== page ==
Officers and enlisted men of the Regiment did the work. Segt. Samuel E. Barnes of Headquarters Company drew the plans; Capt. Robert K. Schutt was the engineer in charge. On January 15, 1918, the massive structure--96 feet wide and 236 feet long with a seating capacity of 4000--was dedicated to the welfare of Kansas men, with speeches by notable Kansas citizens and camp officials. This achievement was not only a matter of pride to the men of the Regiment but a revelation of the support on the part of the people back home.
A permanent committee of non-commissioned officers was appointed to take charge of all activities in the building. Segt. Lloyd E. Craig was chairman of this committee; Captain Masseck and Chap. Otis E. Gray were ex-officio members. There was but one requirement with regard to the use of the building and that was summed up in the general order, "Treat this building as your home."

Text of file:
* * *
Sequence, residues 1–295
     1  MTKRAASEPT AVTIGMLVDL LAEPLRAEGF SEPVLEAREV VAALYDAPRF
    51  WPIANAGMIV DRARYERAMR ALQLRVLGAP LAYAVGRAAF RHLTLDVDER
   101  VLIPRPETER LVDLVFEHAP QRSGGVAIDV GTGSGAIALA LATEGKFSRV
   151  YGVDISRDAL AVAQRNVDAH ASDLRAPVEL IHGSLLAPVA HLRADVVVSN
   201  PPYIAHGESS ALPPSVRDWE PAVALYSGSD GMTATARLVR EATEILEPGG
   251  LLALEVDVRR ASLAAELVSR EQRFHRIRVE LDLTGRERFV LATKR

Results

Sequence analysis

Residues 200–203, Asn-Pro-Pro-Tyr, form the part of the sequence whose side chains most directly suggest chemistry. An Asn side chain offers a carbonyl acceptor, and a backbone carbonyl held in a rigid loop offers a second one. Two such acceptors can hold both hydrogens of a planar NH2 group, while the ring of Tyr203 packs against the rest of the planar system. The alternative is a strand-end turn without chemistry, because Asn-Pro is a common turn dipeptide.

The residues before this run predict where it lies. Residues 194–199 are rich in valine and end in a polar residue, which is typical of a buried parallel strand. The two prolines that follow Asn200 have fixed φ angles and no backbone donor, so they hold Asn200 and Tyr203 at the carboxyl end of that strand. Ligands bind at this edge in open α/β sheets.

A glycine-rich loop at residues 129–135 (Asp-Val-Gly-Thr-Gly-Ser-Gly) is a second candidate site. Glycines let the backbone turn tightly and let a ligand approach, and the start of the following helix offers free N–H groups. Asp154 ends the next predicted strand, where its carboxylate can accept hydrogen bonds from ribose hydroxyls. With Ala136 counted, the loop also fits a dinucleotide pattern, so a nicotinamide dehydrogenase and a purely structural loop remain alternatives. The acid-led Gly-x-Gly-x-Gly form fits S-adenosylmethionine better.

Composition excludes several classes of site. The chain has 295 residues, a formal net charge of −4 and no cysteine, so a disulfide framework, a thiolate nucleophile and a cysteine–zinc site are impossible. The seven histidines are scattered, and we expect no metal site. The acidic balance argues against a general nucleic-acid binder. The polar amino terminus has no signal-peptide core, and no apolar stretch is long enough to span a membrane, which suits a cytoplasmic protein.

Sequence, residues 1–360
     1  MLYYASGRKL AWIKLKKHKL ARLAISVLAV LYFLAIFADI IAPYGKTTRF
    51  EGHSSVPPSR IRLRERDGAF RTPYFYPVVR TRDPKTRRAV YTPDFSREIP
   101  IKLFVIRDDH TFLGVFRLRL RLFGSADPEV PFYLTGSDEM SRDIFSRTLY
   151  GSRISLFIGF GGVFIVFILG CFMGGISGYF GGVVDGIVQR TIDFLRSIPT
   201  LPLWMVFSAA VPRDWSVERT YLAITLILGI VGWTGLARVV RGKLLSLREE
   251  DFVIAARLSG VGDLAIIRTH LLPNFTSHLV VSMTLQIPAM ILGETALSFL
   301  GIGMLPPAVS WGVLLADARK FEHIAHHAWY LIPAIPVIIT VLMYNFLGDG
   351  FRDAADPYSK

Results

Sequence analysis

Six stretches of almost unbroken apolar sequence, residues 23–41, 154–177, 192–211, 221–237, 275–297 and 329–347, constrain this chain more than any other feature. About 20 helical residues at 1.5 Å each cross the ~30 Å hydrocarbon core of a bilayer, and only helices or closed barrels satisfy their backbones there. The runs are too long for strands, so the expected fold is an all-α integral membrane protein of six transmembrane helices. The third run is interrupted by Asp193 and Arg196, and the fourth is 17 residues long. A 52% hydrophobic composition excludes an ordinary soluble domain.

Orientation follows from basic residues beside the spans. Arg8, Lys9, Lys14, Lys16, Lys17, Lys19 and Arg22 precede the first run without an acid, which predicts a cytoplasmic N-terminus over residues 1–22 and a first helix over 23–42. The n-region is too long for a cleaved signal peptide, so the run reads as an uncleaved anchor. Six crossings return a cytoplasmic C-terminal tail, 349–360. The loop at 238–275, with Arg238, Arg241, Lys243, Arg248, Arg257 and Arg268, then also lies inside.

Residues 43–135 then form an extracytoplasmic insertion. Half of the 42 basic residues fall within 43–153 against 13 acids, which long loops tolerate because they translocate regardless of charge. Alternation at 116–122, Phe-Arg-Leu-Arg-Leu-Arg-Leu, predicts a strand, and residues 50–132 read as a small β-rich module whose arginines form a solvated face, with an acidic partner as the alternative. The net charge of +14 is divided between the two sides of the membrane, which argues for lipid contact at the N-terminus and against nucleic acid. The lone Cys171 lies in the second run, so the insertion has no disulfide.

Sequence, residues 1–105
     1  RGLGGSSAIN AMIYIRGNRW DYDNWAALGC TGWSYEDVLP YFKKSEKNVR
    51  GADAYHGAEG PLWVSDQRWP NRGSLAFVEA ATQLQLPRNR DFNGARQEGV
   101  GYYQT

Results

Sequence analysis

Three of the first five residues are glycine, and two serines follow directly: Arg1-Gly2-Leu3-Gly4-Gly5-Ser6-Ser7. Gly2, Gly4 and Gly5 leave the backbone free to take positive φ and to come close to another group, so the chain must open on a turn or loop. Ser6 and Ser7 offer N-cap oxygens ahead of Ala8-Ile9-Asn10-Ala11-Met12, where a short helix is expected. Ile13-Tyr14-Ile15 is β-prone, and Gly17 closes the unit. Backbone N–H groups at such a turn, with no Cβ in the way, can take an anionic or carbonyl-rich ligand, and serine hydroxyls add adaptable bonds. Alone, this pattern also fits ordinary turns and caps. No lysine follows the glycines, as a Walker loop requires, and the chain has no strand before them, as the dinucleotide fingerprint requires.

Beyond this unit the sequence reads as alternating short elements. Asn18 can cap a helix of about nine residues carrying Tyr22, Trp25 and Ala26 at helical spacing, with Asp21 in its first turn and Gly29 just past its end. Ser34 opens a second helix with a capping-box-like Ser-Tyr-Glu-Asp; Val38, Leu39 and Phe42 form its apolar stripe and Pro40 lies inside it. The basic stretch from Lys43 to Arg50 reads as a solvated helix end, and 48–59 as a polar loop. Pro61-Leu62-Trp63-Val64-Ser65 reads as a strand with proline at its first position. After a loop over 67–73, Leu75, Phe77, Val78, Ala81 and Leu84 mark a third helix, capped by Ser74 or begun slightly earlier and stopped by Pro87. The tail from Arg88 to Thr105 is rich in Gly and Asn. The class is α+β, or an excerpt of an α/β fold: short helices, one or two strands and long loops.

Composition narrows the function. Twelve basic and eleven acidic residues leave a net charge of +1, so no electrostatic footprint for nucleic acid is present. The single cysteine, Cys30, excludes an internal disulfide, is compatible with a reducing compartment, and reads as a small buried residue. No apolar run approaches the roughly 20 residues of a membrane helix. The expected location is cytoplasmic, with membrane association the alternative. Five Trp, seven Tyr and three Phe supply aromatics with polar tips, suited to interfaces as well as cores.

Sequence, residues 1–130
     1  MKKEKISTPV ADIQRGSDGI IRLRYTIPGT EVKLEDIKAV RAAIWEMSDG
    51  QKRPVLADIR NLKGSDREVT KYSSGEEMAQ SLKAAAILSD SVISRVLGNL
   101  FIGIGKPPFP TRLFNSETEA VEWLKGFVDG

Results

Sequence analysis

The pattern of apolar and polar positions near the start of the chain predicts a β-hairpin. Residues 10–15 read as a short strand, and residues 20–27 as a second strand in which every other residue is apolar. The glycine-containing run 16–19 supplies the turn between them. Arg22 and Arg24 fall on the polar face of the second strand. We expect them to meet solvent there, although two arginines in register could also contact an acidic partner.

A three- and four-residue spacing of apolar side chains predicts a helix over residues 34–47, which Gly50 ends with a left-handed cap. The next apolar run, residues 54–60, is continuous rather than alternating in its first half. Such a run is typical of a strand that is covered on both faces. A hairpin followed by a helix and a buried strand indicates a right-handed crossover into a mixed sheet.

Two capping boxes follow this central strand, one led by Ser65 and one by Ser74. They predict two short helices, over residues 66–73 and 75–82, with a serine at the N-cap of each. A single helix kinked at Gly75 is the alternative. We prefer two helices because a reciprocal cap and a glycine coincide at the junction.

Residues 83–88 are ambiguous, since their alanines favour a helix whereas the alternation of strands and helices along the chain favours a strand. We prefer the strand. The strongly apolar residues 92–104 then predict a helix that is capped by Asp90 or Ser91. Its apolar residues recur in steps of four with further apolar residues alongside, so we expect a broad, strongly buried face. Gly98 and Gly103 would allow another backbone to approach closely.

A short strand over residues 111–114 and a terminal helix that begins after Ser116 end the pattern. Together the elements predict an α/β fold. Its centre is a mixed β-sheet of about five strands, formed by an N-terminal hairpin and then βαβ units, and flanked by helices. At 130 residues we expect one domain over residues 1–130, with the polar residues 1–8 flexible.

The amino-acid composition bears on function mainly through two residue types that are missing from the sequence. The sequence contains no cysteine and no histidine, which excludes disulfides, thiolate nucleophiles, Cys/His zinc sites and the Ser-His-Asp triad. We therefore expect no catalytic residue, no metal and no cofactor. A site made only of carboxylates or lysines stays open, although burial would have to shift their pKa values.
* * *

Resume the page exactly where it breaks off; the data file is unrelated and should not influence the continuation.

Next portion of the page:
The first important social event was the appearance of the St. Louis Symphony Orchestra, accompanied by Madam Schumann-Heink, the latter generously giving her services. Four concerts were given on January 30 and 31, 1918. These entertainments were made possible by the patriotic spirit of the musicians. Max Zach (Conductor) came to Camp Funston with the Orchestra. Not only did the St. Louis Symphony Orchestra donate its services, but, in addition, allowed an appeal to be made at a regular Saturday concert in St. Louis, and as a result of this appeal $1060 was collected to help defray expenses. Of this amount the musicians themselves gave $300. The contribution of Madam Schumaun-Heink was no less generous. To the soldiers who had been shut up in the routine of camp life for five months, this entertainment appealed as the finest favor yet received from the co-operating forces of civilian life.